Mama told me I had to be ready, prepared, and strong for when things were not looking good.
Families torn apart amid the American Civil War must fight to stay together in Jan Spann's epic new novel, A Rebel West. This young adult adventure has all the romance, action, and danger to turn it into an instant classic.
Claire "Belle" Pettifaux is a typical nineteenth-century teenager when the Civil War begins. Her world torn apart, she witnesses both her father and her budding love interest, Samuel, shipped off for battle. When her mother dies, Belle must go live with her aunt in Kansas and await her loved ones' return.
Meanwhile, a Kansas boy named Austin "Earle" Johnson Jr. recounts his own story of his father's enlistment in the Union Army. His heartbreaking tale, told in alternating chapters with Belle's story, forms a picture of two young people thrust into a world wholly unknown to them.
Reuniting with her father and Samuel after the war, Belle and her loved ones travel to California in hopes of starting life anew. But Indians, robbers, flash floods, and more threaten to keep them from finding a place to call home.
|Product dimensions:||6.00(w) x 9.00(h) x 0.33(d)|
About the Author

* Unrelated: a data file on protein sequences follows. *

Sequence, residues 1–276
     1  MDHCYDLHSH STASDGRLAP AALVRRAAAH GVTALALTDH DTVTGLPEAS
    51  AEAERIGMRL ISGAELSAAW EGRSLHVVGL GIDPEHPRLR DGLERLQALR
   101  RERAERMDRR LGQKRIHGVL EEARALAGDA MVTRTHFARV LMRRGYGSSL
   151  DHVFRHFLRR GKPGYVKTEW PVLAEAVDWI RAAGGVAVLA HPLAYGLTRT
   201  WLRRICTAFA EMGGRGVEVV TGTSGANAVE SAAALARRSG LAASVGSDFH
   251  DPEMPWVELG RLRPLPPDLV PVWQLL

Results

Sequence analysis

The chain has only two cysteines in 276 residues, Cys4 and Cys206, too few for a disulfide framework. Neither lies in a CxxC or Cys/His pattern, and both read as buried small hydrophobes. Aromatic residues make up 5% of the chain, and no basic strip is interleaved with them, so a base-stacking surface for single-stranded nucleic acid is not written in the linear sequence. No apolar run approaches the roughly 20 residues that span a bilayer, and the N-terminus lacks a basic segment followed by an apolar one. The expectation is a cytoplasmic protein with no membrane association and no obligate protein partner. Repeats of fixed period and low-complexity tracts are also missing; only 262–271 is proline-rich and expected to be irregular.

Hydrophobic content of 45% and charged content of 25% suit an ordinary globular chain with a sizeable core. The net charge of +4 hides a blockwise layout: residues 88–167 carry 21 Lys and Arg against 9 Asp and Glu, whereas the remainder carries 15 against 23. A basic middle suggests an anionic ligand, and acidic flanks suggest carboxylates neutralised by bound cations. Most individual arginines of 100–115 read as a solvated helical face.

Jan Spann works for J&J Inventories while also serving on both the Banning Unified School Board and the Banning Community Fund Committee.
A first time author, Spann lives in Banning, California, with her husband. Together, they have six grandchildren and two great-grandchildren.
Most Helpful Customer Reviews
"A Rebel West" offers a descriptive story, recounted from firsthand experiences of several of the book's characters--while based on people that truly existed, accompanied by genuine photographs that inspired the characters--the story itself is historical fiction. It is a tale of families from both sides of the Civil War, how their lives are intertwined, and how they struggle and grow together. It is not a war story. Author Jan Spann seems to have done a lot of research to incorporate scenery, conversation, and other details that provide insight to the livelihood and travel one could encounter during the 1860s. A newspaper story offers a little more perspective as to her research, as revealed to the historical society of the area she lives (if the link works): http://www.recordgazette.net/arts_and_entertainment/spann-highlights-her-civil-war-novel-at-historical-society-meeting/article_07591bf6-5d29-11e7-a136-973159899997.html The stories, uniquely told from the point of view from the different characters, can be confusing at first, but for readers paying attention, it's not too difficult a couple of paragraphs in to each chapter, to figure out who has picked up the story from where it was last left off. It's self-published, and there are slight editorial inconsistencies, but nothing too distracting. The story really has a lot of description, almost at times as if it's encapsulating journal entries from the Civil War. It's not necessarily a riveting story, but there are enough dramatic moments, and the voice and style are unique, that it's worth a read. -David James Heiss Redlands, Calif.